By SMU School of Accountancy Social Media Team
When you work, live and play on a small island with a land area of just 721.5 km², it is inevitable that you would eventually venture beyond Singapore’s shores to explore new grounds. SMU School of Accountancy (SOA) graduate Bryan Halim tells us how the global exposure he gained while at SMU helped him acclimatise quickly during his subsequent overseas posting to Zurich in 2019.
Q: We understand that you recently returned from a posting to Zurich, under the Graduate Talent Program at UBS. Can you tell us more about the Graduate Talent Program?
The Graduate Talent Program (GTP) at UBS is an 18 to 24-month programme (depending on your function) where you will develop your skills and network while working on key projects. The programme also offers rotation and training opportunities to allow GTPs to build a more holistic understanding of the firm and industry.
My primary role is in Wealth Management Technology where I manage technology risks in the Asia Pacific. As part of my rotation, I was fortunate to have had the opportunity to spend two months in Zurich, including three days in Poland, to meet and learn from my colleagues whom I’ve been working with since I joined the firm. This rotation helped me to build my technical knowledge, widen my network, and improve on collaboration with my global counterparts. Prior to my rotation, I also had a week-long training in India on topics such as cloud and data analytics. These international experiences were indeed enlightening and would not have been possible without the strong support from the senior management and my line manager.
Bryan at the UBS office in Zurich, Switzerland
GTPs are also supported by the GTPNet committee. As the Co-President for GTPNet APAC, my committee and I organise training and social events for all GTPs in APAC. GTPs benefit from interactive sessions with senior management from different business functions who share about their roles, valuable career advice, experiences and outlook for the industry. Overall, the Graduate Talent Program offers multiple opportunities for graduates to develop a strong foundation at the early stage of our career.
Q: Can you share with us some of the key differences you observed while working and living in Zurich compared with Singapore?
Zurich and Singapore have a lot in common including having a safe environment and efficient public transport system. Both cities are brilliant places to work and live in. Nonetheless, there are a few differences in terms of working culture and living costs. For example, I observed that there is a stronger emphasis on punctuality in Zurich. So it is definitely worth planning your work schedule efficiently to avoid being late, especially if back-to-back meetings are at different locations. Furthermore, there is generally a slightly more healthy work-life balance in Zurich compared to Singapore.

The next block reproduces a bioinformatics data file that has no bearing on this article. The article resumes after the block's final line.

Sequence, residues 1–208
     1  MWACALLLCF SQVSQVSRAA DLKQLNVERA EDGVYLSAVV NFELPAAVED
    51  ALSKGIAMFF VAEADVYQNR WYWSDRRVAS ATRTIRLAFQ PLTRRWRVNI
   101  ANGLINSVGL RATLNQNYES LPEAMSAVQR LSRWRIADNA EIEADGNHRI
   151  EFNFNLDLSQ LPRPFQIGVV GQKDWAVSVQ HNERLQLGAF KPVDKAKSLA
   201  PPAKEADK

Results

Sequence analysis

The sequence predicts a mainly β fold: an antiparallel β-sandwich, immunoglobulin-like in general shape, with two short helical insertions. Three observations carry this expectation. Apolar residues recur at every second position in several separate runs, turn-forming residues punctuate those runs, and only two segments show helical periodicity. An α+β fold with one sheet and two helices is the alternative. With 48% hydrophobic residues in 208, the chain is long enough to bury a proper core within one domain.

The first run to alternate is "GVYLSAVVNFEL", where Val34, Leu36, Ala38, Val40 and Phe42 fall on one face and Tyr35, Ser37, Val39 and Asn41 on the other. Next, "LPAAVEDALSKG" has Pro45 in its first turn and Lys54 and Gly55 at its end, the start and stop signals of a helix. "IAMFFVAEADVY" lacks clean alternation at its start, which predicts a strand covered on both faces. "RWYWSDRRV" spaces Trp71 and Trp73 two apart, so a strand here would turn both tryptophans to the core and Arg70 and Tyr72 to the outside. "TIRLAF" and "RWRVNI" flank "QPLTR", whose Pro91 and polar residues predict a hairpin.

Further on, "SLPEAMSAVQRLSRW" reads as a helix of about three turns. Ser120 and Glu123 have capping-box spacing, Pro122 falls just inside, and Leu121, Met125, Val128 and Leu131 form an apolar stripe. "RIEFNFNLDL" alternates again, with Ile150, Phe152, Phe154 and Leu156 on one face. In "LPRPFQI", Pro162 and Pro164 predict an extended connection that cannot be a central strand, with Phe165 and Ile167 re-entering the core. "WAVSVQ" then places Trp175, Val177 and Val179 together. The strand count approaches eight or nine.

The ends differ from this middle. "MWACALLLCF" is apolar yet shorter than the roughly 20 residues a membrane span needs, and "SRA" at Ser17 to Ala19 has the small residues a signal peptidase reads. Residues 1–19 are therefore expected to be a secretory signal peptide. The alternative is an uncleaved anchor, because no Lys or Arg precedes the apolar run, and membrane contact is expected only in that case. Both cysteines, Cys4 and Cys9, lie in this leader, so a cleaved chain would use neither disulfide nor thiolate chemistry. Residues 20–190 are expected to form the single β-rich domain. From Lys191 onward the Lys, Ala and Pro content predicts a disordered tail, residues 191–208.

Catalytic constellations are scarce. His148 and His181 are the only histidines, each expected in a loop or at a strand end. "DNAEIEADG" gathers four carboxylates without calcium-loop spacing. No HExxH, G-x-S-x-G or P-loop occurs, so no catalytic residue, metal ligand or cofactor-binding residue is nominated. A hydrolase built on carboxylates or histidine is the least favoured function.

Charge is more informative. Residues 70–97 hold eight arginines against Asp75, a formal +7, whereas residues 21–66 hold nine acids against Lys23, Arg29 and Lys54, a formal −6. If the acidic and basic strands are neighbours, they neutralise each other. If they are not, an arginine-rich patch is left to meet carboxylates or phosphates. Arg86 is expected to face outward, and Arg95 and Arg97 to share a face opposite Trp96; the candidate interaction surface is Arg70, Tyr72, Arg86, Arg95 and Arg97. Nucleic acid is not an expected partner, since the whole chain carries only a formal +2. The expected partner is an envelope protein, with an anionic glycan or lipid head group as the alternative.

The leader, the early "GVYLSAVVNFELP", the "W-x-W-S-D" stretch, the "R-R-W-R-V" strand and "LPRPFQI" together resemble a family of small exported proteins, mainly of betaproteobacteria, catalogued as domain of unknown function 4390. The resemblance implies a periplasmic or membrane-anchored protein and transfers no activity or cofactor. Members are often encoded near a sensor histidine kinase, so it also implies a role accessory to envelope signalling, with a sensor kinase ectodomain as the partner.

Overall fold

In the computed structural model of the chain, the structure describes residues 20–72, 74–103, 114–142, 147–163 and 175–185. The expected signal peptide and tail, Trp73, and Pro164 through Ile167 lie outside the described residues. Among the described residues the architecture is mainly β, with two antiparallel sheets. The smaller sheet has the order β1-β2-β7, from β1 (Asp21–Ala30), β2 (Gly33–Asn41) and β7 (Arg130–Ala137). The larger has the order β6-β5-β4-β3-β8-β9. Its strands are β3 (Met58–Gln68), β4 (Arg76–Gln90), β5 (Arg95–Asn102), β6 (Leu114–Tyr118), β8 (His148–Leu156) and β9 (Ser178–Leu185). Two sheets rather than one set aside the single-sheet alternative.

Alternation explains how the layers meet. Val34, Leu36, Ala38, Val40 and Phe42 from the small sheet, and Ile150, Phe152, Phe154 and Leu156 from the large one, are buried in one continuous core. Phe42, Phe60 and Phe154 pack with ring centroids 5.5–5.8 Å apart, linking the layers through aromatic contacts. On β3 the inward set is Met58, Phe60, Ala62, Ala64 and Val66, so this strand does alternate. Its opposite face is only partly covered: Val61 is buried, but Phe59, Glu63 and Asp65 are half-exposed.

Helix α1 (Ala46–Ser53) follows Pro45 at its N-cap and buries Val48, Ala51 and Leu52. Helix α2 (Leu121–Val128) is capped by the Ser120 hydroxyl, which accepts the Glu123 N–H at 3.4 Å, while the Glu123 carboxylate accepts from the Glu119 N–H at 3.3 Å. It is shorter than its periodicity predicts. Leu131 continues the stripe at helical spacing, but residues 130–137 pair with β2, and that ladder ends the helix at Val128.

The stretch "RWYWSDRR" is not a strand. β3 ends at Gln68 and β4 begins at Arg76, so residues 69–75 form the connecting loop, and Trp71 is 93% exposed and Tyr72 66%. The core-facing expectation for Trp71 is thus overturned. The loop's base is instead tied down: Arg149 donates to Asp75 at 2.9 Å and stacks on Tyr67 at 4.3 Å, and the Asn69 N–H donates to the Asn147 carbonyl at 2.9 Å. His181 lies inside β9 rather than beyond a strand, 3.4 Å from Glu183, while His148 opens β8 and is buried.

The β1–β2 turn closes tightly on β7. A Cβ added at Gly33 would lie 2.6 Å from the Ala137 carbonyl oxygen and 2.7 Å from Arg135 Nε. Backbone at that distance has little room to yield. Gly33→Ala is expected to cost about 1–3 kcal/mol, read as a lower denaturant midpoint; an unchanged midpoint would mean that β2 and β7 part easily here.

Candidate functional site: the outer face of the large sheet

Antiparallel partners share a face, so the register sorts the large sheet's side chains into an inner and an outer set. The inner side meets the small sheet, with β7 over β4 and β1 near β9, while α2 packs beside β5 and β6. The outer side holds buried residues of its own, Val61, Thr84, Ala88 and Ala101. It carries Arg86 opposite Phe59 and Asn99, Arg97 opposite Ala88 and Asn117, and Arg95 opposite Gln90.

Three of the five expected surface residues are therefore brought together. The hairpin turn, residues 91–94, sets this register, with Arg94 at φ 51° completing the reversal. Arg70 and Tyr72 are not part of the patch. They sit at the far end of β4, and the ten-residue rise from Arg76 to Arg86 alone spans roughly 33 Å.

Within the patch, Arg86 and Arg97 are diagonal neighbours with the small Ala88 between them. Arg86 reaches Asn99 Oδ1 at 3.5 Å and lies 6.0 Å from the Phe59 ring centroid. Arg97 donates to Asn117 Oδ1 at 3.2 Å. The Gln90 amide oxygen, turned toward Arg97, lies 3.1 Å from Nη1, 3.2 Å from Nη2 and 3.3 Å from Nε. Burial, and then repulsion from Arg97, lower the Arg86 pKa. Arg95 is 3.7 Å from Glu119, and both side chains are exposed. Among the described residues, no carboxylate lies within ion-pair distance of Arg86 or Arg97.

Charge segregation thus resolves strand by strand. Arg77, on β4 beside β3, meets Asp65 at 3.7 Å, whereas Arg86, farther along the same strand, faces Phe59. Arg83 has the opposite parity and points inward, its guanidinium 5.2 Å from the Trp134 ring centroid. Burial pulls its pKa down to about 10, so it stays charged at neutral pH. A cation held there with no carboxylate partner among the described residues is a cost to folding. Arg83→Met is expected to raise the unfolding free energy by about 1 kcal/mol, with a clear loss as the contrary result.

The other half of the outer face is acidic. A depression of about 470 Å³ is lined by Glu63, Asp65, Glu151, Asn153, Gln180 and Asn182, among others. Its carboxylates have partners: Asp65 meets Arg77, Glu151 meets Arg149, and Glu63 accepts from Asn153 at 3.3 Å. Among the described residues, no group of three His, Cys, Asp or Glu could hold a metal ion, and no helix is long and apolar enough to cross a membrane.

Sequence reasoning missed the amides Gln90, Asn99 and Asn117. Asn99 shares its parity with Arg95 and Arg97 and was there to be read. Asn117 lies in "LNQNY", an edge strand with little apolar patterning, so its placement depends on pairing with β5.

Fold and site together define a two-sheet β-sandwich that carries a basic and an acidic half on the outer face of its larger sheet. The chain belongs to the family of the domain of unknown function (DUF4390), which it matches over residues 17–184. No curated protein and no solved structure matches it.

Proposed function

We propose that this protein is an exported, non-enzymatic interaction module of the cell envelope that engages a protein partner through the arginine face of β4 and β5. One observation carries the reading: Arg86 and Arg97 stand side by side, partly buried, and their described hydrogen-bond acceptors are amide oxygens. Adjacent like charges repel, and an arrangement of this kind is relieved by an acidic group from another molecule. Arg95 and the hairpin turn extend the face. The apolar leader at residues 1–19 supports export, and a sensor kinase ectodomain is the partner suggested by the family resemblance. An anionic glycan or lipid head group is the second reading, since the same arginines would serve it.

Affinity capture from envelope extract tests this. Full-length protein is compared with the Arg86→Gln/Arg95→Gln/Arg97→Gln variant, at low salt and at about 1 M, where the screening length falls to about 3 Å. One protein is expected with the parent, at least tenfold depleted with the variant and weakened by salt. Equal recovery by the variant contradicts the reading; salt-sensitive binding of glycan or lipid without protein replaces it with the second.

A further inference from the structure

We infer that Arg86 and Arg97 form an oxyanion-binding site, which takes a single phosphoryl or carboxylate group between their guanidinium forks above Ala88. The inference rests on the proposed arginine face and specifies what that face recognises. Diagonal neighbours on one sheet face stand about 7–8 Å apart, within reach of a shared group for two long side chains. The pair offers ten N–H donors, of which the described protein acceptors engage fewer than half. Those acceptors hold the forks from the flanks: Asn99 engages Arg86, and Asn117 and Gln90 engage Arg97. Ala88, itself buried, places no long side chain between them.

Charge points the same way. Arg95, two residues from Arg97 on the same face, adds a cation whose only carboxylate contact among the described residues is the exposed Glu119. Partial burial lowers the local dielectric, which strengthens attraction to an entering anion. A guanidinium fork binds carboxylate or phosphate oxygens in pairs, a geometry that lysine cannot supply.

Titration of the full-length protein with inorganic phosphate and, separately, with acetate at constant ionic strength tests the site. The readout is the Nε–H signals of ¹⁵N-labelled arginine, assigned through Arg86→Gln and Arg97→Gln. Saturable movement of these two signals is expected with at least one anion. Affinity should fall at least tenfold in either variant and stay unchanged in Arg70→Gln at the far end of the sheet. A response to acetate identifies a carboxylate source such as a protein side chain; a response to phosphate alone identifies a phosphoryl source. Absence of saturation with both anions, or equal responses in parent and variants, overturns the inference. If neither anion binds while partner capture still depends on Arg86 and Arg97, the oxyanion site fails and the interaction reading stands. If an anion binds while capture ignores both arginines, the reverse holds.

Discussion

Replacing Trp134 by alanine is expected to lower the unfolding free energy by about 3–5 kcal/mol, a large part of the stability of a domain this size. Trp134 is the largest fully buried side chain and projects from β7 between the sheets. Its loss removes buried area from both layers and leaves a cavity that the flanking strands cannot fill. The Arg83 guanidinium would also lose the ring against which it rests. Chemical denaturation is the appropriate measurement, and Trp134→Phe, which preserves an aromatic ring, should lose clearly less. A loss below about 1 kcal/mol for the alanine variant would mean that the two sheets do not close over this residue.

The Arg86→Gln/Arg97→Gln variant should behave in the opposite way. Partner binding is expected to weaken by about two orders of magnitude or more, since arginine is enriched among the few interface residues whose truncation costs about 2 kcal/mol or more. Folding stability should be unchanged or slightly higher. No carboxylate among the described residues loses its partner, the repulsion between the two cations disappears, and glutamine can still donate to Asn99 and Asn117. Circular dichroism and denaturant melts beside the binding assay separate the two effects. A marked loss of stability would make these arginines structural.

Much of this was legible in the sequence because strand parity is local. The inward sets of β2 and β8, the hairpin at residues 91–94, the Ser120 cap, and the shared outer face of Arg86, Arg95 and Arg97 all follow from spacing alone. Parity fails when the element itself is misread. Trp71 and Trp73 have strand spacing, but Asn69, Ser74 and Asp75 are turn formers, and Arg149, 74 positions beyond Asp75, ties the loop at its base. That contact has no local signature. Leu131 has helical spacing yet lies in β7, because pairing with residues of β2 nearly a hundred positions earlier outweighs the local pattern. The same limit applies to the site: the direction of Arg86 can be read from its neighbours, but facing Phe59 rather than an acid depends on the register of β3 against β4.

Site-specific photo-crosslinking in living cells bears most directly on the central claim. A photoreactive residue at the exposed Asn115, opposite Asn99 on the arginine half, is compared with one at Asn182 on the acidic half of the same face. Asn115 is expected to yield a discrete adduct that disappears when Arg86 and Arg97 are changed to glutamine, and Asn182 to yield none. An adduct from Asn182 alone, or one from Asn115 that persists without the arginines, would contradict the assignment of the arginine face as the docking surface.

Having said that, food prices are definitely more expensive compared to Singapore. I had my most expensive McDonald’s meal of S$25 for my first lunch in Zurich. Fortunately, there is a canteen at the UBS office which offers meals at discounted prices to employees. In contrast, Singapore offers a wider variety of food options available at cheaper prices. Definitely missed my favourite chicken rice in Katong! Though there are a few differences, the people in both locations are great. Both cities are cosmopolitan with developed infrastructure which make them both highly attractive global cities to work and live in.
Q: How do you think your education at SMU School of Accountancy helped you adapt to the new environment quickly?
In SMU, I had many opportunities for global exposure. I served in an Overseas Community Service Project in the Philippines, spent my exchange in Amsterdam, and went on study trips to Bangkok and Germany. These overseas experiences taught me valuable lessons and prepared me for working in an international firm. Having studied and attended presentations by firms overseas gave me a better understanding of different cultures, working styles and social norms. Furthermore, I also had opportunities to interact and work with exchange students on group projects in SMU. This allowed me to better adapt to new working environments and build stronger working relations with my colleagues from different locations.
The SMU learning pedagogy and interactive seminar-style teaching also helped me develop stronger communication and presentation skills, which are imperative especially at UBS where collaboration and challenging the status quo are part of our culture. In SMU, we were encouraged not only to answer questions but also to question answers. This allowed me to dig deeper into the reasons for differences in working styles and effectively communicate solutions to the management on how we could improve the way we work in each location.
With his colleagues at the UBS office in Krakow, Poland
Q: What is the biggest takeaway you have gained from your posting in Zurich?
The biggest lesson I have learnt would be the importance of meeting colleagues in-person to build stronger working relations. I would recommend scheduling a coffee with your colleague and just having a conversation. Try having face-to-face meetings if possible instead of virtual meetings which do not allow us to notice certain non-verbal cues and body language.
In-person interaction with my global counterparts allowed me to better understand them, adapt and find the best ways to collaborate together. In the long run, you also build trust and widen your network. Furthermore, as working remotely is becoming more common in many firms, we do not get as many opportunities to meet our colleagues as often as before. Although working remotely has its benefits, do take some time off work and schedule a coffee or tea with your colleague!
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